"In the Big East, [St. John's] was the good guys. We [Georgetown] were the ones with the black hats that everybody hated. In every story, you have to have a villain, and that was us." —Patrick Ewing, 30 For 30: Requiem for the Big East
Let's make one thing clear: compared to what was going on during the height of the Chris Mullin/Patrick Ewing/Lou Carnesecca/John Thompson days, the "hard foul" shove committed by St. John's forward Amar Alibegovic on the Hoyas' L.J. Peak Wednesday night was a love tap.
That's fine, and probably as it should be—many of the those Reagan-era on-court muggings in the Big East led to choppy, erratic play. But the ensuing dust-up between St. John's and Georgetown on the floor? That was so much goddamn nostalgic fun.
Chris Mullin, John Thompson III (with Pops sitting courtside), and Patrick Ewing Jr. were gnashing teeth, jawing at one another, drawing technicals, and taking the entire packed Madison Square Garden back to the future.
The funny thing is, it was an early Big East tournament game between two teams with losing records whose seasons will be done after Villanova disperses with the Red Storm in a couple hours. It was the utter definition of meaningless, yet the Garden drew a huge crowd, much bigger than when I saw St. John's wax Marquette there a month ago. It wasn't the packed-to-the-rafters showdown of March 9, 1985, when the AP's No. 1 ranked Hoyas beat the No. 3 (then) Redmen 92-80 (they would meet again in the Final Four, which ended in a 77-59 Georgetown win)—but as two floundering programs go, it was a pretty cool 2017 facsimile. St. John's walked away with the victory this time, edging out Georgetown 74-73.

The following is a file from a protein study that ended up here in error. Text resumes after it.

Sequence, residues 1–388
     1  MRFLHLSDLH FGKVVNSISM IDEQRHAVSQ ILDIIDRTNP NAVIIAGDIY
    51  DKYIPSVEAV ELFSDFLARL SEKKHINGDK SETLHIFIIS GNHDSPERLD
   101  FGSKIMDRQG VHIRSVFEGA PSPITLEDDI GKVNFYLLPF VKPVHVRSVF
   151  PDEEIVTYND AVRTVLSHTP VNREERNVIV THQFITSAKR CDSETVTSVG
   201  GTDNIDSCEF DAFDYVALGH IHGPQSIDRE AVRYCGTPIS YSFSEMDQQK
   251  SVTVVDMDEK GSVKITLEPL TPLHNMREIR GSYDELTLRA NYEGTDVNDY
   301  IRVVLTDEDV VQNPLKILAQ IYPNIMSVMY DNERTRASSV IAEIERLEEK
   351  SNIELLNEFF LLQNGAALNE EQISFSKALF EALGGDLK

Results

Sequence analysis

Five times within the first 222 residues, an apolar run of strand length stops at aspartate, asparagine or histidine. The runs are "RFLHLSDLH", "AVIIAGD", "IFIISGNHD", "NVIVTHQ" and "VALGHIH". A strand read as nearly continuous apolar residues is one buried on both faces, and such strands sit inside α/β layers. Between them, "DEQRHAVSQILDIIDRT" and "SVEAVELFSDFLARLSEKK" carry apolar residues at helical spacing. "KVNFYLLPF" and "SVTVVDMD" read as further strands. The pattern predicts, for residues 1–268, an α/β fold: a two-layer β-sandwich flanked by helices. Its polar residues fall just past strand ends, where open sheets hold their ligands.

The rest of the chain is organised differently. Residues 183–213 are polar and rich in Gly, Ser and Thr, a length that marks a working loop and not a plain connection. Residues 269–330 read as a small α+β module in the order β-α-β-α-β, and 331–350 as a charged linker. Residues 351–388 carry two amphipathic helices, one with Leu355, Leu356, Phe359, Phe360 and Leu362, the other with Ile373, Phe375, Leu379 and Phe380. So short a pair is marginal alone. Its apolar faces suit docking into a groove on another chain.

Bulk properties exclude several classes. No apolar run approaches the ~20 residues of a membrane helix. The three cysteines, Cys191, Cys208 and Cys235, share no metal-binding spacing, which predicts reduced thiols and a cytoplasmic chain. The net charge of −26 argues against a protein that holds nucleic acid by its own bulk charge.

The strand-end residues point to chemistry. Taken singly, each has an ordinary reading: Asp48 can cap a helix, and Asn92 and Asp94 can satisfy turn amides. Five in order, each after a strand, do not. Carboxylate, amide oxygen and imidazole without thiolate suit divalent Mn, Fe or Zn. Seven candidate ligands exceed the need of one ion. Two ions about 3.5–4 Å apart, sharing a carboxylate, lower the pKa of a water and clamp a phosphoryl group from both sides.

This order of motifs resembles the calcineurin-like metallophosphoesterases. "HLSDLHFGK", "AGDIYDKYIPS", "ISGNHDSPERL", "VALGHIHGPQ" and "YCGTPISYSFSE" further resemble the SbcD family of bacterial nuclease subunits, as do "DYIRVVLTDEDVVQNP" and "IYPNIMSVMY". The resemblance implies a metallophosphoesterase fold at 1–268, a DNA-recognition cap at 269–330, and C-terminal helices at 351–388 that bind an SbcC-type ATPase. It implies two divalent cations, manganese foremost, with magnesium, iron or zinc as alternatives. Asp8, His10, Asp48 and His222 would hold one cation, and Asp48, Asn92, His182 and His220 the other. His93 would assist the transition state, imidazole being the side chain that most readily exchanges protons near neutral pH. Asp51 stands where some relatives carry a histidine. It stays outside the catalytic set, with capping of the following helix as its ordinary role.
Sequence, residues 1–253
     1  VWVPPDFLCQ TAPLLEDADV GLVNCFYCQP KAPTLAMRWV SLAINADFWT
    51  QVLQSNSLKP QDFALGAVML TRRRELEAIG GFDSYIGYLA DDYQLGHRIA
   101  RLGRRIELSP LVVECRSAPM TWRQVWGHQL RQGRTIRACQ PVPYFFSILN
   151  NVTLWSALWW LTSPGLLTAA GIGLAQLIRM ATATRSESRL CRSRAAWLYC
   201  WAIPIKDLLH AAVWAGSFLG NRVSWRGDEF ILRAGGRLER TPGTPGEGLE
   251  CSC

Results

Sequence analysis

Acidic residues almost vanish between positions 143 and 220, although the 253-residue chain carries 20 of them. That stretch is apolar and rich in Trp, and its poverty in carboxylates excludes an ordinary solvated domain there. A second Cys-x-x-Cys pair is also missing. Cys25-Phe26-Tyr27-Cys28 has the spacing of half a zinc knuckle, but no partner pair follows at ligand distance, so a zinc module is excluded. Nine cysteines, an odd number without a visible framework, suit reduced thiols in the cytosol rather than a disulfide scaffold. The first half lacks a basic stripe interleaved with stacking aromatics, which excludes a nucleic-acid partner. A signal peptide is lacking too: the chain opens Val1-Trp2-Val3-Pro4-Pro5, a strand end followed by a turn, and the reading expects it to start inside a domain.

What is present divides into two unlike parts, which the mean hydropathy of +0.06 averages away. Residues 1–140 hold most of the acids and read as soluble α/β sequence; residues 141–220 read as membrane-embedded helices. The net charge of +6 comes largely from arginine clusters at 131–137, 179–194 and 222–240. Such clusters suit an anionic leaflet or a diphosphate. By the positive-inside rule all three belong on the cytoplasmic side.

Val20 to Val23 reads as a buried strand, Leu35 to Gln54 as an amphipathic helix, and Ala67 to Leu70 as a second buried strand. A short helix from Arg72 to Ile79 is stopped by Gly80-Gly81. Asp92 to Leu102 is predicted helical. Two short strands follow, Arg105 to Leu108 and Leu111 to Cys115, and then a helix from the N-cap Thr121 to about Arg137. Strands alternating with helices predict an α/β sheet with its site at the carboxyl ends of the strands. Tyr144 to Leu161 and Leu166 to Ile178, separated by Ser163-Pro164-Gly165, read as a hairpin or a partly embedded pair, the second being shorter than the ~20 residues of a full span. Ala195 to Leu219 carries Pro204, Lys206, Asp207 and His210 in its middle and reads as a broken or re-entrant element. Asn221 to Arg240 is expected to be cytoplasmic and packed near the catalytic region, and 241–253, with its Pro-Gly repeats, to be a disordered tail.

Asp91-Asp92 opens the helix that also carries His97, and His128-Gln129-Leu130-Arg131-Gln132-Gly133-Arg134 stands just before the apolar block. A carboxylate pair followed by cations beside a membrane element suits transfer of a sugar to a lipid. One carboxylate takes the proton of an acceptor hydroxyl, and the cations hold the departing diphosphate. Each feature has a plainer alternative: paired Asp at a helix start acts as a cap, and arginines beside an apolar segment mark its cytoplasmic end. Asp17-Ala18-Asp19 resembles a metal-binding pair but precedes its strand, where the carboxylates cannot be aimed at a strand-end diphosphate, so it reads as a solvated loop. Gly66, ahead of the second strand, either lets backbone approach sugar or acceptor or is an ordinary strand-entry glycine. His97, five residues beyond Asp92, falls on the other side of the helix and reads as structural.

But back to the brawl. Just reading this passage from Kevin Armstrong of The Daily News makes me giddy:
"Both benches emptied with over eight minutes left in the second half. Referees restored order, but not before Mullin was assessed a technical. Ewing Jr., son of the Georgetown and Knicks legend, was given one too. Alibegovic was hit with a Flagrant 1 technical for his two-handed foul across Peak's shoulders. It all unspooled with Thompson Jr. sitting courtside, his image a reminder of when he used to battle Lou Carnesecca. Those days were about sweaters and players take swings at each other. Wednesday night never reached that point, though one Hoya partisan shouted, 'The Big East is back!' Cheers, shouts, whistles and hollers from all hues made the rafters ring like few other hoop bouts in recent Garden memory."
It's true, we are a middle-age community that includes Ewing, Mullin, and Ezra Edelman who just won the Oscar for his already-iconic O.J. Simpson documentary, which came on the heels of Requiem for the Big East.
Wednesday night was a good moment, but I'm gonna keep walking the memory lane of 8th Ave. until Nova-St. John's tip off in the 21st century at noon. Join me in digging on these 1985 Big East tournament highlights, oddly without sound. I recommend syncing it up with this extended version of Run-D.M.C.'s "King of Rock," the backbeat to the New York City playgrounds that year. It's from Live Aid, which makes perfect sense if the names Horace Broadnax and Willie Glass mean anything to you.
The 80s are back, baby!*